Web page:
Jiggery Pokery, Battersea Arts Centre, London
Thursday 10 December 2009
Kenneth Tynan once noted that Noël Coward had been Slightly in Peter Pan as a child, and wholly in Peter Pan ever since. Charles Hawtrey, who played the same role, was much more of a lost boy, as we see in this one-woman show, in which Amanda Lawrence impersonates him and 47 other characters, male, female and animal. Jiggery Pokery, described by the director and co-author Paul Hunter as "a homage to a true English eccentric", didn't make me like or admire an actor I have never found funny. It has, however, added, to my superficial view of Hawtrey as disturbing, several layers of disquiet. This deft, daft collage of public and private moments has plenty of laughs, but it also shows us the chin trembling with rage and fear, the trembling hand pouring gin into the teacup.
Making her eyes big and her lips invisible, the skinny Lawrence, in sad slacks and rimless glasses, plausibly re-creates Hawtrey's plucked-chicken looks, and her swift, precise movements provide plenty of old-fashioned fun, especially when she runs round a table becoming each seated character in turn or plays every actor in a scene from Peter Pan.
Some of the roles are quick as a wink, such as the three chorus girls who squeal and vanish in less time than it takes to say "Oh, hello" (did Hawtrey and his sometime Carry on co-star Leslie Phillips never have dispute over ownership of this catchphrase?). We see more of Laurence Olivier (Lawrence, good at crisp or quavering voices, makes a poor fist of his), who wears his Nelson hat while being driven to work in a Rolls (a shopping trolley, with hood ornament) and of Hawtrey's mother. At first cloyingly possessive, she slides into vagueness, then dementia – there is a grisly scene reminiscent of Whatever Happened to Baby Jane? – while Hawtrey's comic pratfalls give way to alcoholic collapses, and being knocked to the ground after propositioning an indignant man.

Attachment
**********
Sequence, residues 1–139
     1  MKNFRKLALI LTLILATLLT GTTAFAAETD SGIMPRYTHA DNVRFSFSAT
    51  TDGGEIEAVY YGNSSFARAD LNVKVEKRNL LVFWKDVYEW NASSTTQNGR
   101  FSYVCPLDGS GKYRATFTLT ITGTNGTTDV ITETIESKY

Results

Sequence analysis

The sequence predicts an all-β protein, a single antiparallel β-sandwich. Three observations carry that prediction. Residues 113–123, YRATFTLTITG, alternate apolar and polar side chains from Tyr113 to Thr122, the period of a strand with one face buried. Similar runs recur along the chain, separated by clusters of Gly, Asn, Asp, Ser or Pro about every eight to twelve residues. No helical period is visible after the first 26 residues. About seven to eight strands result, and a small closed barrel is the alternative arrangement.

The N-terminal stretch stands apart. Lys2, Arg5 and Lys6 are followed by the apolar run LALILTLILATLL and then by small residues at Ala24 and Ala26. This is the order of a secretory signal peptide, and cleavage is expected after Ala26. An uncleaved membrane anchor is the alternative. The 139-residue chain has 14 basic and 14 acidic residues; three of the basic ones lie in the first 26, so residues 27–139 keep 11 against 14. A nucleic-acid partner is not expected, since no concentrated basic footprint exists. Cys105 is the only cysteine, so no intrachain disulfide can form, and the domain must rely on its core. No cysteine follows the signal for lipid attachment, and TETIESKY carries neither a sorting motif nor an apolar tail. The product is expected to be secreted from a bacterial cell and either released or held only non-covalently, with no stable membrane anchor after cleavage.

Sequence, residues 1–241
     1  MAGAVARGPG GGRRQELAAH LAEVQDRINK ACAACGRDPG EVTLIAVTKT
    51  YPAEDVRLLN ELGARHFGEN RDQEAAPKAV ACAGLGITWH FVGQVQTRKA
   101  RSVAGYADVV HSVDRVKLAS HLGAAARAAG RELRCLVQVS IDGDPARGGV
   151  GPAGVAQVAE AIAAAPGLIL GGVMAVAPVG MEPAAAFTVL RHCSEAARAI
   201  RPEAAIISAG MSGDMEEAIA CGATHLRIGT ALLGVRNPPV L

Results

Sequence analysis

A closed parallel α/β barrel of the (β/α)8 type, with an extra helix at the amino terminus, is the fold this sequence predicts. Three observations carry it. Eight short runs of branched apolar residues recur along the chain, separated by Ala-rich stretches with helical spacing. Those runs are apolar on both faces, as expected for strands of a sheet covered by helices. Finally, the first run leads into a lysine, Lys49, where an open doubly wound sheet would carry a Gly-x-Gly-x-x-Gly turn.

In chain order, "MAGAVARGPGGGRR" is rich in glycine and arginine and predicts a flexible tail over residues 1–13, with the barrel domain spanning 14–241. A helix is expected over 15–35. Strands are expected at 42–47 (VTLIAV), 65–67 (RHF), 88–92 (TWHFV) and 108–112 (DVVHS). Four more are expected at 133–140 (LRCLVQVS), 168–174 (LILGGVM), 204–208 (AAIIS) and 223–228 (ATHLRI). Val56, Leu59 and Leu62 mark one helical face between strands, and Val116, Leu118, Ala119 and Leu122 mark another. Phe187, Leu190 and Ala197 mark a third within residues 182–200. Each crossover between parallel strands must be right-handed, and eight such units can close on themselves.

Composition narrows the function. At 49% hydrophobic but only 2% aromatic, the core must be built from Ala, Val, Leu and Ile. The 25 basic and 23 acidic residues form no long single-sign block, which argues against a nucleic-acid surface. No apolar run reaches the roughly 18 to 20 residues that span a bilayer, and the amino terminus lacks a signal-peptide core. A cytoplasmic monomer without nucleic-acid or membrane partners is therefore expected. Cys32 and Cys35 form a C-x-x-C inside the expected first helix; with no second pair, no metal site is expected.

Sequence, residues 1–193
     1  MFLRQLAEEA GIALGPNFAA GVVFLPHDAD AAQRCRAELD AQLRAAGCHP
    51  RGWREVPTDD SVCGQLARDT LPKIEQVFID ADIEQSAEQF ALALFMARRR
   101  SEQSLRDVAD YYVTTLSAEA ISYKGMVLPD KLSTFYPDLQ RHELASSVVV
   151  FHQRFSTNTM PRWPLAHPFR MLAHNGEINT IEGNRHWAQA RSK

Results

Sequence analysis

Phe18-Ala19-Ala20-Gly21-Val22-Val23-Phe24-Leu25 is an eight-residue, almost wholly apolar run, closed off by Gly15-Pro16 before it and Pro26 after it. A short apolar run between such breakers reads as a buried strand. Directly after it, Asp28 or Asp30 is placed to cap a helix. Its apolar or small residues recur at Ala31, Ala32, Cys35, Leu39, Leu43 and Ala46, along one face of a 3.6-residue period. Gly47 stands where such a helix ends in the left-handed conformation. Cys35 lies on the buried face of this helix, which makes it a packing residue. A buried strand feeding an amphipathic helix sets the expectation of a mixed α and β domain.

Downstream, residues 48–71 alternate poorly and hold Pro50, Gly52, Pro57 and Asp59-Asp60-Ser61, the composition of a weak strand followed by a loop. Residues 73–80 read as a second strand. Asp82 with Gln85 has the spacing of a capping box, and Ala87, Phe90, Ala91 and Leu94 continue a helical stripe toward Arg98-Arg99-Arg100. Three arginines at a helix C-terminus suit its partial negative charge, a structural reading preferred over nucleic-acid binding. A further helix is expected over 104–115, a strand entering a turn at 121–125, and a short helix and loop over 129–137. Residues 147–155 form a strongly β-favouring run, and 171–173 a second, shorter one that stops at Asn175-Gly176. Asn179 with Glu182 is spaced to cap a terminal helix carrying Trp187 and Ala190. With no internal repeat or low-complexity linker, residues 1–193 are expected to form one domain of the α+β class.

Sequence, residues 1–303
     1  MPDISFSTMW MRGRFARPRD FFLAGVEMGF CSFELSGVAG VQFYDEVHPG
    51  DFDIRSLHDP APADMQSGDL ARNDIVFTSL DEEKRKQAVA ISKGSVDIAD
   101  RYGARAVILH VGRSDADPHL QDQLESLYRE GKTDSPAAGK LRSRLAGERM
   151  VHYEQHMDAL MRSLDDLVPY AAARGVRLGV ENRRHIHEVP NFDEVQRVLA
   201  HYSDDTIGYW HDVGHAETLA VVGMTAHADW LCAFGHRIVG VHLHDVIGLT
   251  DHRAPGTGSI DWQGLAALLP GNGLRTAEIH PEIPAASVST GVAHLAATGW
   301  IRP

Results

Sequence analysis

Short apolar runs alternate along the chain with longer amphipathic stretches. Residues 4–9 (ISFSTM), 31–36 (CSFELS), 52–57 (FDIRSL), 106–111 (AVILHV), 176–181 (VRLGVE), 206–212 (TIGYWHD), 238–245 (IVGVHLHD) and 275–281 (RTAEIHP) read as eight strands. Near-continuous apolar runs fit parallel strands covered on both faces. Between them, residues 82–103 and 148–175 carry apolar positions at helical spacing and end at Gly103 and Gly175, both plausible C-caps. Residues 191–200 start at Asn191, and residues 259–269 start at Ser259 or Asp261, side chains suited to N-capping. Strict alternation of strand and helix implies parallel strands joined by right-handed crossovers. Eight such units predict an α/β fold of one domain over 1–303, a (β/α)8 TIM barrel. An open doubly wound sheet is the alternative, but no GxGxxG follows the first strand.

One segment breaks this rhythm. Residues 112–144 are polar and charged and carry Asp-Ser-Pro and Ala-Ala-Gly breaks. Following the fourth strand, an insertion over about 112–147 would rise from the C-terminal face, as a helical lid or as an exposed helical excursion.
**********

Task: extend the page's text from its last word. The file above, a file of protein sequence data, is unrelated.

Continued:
Lawrence, in focusing on Hawtrey's hermetic, neurotic existence, at times slipping into fantasy, and on his best-known work (the Will Hay and Carry on films), omits much potentially interesting material, such as his success in West End revue and farce. And did his reckless promiscuity never come to the attention of the police? Within its limits, though, this is an entertaining portrayal not only of Hawtrey but the mad, mad world of the English.
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